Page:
A jaunty melody and a lively production pull just enough weight to make the song a pleasant diversion between radio commercials. But when the song’s radio run has reached its end, there’s just nothing here that’s going to be worth revisiting.

Written by Tammi Lynn, Fred Willhelm and Kyle Jacobs

Grade: C+

8 Comments

Filed under Single Reviews

CU Archives: Linda Ronstadt

linda-ronstadtWe at Country Universe were very saddened to hear of Linda Ronstadt’s recent announcement that she was diagnosed with Parkinson’s disease eight months ago, and that the disease has resulted in the total loss of her ability to sing.

Though Linda Ronstadt never took up exclusive residence in country territory (or in any one genre for that matter), she had remarkable successes in the country field, including the now-classic Trio project with Dolly Parton and Emmylou Harris, and she served as an important influence for women such as Pam Tillis, Martina McBride and Trisha Yearwood. She has also been the subject of several excellent Country Universe features that are well worth revisiting.

First of all, be sure to check out Kevin’s feature on Ronstadt from the 100 Greatest Women countdown, in which she placed at No. 21.

Then take a look at our reader Erik North’s rundown of his 25 favorite Linda Ronstadt songs from Country Universe’s Favorite Songs by Favorite Artists series.

Finally, see Kevin’s reviews of her classic 1975 album Prisoner in Disguise and of her 2006 compilation The Best of Linda Ronstadt:  The Capitol Years.

Below is a selection of videos of Ronstadt in her prime performing some of her best-loved songs. Without a doubt, she will always be remembered as one of the greatest voices in music history, even if she can no longer use that voice today. Please share your own favorite Linda Ronstadt songs and performances in the comments section.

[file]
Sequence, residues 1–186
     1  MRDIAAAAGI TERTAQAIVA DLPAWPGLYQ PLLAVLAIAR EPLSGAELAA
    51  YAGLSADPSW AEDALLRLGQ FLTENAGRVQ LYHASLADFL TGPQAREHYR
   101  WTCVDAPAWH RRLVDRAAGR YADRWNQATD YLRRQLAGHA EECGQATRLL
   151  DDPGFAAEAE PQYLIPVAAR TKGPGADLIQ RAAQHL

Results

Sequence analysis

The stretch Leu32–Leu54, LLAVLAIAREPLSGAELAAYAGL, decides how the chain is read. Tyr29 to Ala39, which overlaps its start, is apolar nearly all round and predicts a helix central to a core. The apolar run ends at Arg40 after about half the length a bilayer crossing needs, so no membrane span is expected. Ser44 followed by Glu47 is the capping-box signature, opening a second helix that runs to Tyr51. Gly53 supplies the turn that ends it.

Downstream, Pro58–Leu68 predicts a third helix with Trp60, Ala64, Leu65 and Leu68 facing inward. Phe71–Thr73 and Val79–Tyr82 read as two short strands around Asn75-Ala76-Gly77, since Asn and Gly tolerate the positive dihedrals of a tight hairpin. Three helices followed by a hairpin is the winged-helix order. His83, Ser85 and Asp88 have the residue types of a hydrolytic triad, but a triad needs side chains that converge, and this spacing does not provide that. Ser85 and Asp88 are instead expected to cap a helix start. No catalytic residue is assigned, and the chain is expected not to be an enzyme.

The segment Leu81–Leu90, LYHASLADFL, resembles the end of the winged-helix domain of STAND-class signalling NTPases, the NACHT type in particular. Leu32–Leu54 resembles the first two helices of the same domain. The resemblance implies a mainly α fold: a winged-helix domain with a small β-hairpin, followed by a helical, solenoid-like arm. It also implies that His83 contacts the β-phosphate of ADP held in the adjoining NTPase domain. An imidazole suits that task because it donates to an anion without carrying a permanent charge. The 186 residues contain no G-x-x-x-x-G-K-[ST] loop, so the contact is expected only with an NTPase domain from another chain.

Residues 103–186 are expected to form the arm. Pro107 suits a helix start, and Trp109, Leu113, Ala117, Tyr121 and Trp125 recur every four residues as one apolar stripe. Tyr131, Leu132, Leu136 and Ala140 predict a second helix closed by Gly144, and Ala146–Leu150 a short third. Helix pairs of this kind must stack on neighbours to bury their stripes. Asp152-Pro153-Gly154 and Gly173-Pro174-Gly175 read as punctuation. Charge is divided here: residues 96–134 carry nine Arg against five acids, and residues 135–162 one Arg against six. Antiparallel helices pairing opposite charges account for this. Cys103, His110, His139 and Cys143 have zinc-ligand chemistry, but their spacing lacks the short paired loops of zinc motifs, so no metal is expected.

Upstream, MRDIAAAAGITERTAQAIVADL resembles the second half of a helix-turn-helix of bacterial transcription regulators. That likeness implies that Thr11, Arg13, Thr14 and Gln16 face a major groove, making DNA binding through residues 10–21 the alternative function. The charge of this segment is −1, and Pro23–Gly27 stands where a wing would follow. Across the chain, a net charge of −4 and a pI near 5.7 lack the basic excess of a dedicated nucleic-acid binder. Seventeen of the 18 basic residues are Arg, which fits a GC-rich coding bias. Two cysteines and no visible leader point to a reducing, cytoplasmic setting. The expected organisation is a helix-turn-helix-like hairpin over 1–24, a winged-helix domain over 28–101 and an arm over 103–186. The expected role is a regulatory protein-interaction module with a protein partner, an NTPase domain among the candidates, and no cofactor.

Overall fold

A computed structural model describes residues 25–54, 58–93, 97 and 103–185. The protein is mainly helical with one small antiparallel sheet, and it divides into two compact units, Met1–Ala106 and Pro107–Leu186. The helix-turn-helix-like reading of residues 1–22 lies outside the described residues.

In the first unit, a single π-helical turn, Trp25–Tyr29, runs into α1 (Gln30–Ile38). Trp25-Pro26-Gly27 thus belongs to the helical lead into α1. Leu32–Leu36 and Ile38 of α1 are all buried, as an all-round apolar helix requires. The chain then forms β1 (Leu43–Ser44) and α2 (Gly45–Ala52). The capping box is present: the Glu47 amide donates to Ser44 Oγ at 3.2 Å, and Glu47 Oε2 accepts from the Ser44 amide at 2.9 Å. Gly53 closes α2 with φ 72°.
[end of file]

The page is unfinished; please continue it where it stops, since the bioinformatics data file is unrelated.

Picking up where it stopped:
16 Comments

Filed under CU Archives

A Conversation with Zane Williams

Zane WilliamsCountry music singer-songwriter Zane Williams had his first taste of mainstream success in 2006 when Jason Michael Carroll took his song “Hurry Home” into the Top 20. Having already made inroads in the regional country market of his home state of Texas, the Abilene native is currently attempting to break through to a national audience with his fourth album Overnight Success. Amid preparations to embark on his first nationwide radio tour (in an RV with his wife and two children along for the ride), Williams found the time to call Country Universe to chat about his current single and album.

Ben Foster:  What can you tell us about the creative process behind your single “Overnight Success”?

Zane Williams:  Well, that was a pretty easy one to write because it’s so autobiographical. Once I got the idea, I had a lot of subject material to pull from – just from my own life, and from all the other musicians I know. It was a little tricky to get it sort of figured out. I wanted it to be a ten-step process. Pretty much all those things that I talk about in the song I’ve actually lived out in my own life. I didn’t borrow ten grand from my uncle to make my first CD, but I borrowed $17,000 from my grandparents to make my first CD. All the stuff that the song talks about.